Nadia Reed is a Los Angeles based painter of Native American and European descent and a member of the Chinook Indian tribe in Northwestern Washington State. Her background and heritage inspire images about land, culture, movement and ancestry.

Reed's art is an exciting mixture of symbolic, realistic and abstract imagery. Her recent paintings focus on her Pacific Northwest Coast heritage. Movement and life are captured in splashes of paint: in water, forest, animals, dancers and myth.

Using acrylic, oil and pastel, she creates a world where new visions emerge from mysterious patterns of traditional Native American design and flow into modern art. Color & brush mix modern vs. ancient stories, varying from earthy monochromatic coppers and grays to primary contemporary colors and bold strokes. The use of totems and spirits is part of her imagery; in some cases obvious, in others hidden.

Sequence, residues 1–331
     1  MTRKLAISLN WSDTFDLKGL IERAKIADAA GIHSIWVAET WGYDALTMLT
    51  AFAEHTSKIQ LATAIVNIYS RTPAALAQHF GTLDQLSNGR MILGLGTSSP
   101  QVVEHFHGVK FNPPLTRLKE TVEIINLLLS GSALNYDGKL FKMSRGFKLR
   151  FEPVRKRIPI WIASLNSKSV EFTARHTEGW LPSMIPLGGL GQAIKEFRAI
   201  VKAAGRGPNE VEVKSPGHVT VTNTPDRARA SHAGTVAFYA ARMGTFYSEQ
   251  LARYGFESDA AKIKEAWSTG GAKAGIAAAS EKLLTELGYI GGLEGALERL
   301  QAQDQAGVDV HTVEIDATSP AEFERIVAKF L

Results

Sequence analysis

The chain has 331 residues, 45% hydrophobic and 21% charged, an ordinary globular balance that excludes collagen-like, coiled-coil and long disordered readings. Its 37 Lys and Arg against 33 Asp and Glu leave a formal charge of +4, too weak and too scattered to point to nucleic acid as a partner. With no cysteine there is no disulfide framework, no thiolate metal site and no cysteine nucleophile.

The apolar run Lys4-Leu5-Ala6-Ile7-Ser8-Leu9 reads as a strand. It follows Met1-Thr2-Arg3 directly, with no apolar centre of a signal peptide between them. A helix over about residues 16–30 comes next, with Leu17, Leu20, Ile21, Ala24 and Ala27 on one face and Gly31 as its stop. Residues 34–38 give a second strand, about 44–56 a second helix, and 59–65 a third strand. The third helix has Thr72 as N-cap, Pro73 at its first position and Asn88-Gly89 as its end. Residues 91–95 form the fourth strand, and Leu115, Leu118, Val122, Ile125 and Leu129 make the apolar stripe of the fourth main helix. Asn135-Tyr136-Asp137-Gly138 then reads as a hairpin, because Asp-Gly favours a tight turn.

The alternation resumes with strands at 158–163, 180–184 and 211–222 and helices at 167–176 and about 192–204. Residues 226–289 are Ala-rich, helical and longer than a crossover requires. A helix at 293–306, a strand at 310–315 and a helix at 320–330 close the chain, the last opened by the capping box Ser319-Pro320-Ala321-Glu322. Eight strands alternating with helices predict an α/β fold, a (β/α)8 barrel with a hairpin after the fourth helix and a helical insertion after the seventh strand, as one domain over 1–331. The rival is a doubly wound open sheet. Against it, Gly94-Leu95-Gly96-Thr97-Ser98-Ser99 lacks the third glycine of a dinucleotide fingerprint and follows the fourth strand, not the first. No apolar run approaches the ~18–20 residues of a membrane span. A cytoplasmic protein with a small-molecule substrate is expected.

The bulk of her current work is about the rebuilding of modern Native American Coastal tribes. Within this context Reed explores painterly splashes, careening light and shadows, creating other-worldly dream paintings showing shamanistic views of human and animal life . She uses land and water as a metaphor for 'change and growth while maintaning roots'. Pacific Northwest tribes, while nearly stripped of their language and myths, largely remain vital today. Rebuilding of language continues, and tribal people economically and artistically evolve. In evoking a metaphoric 'ghost dance' of living breathing ancestor spirits, she seeks to bring First nations to us as a very living breathing people; her paintings are full of energy and motion.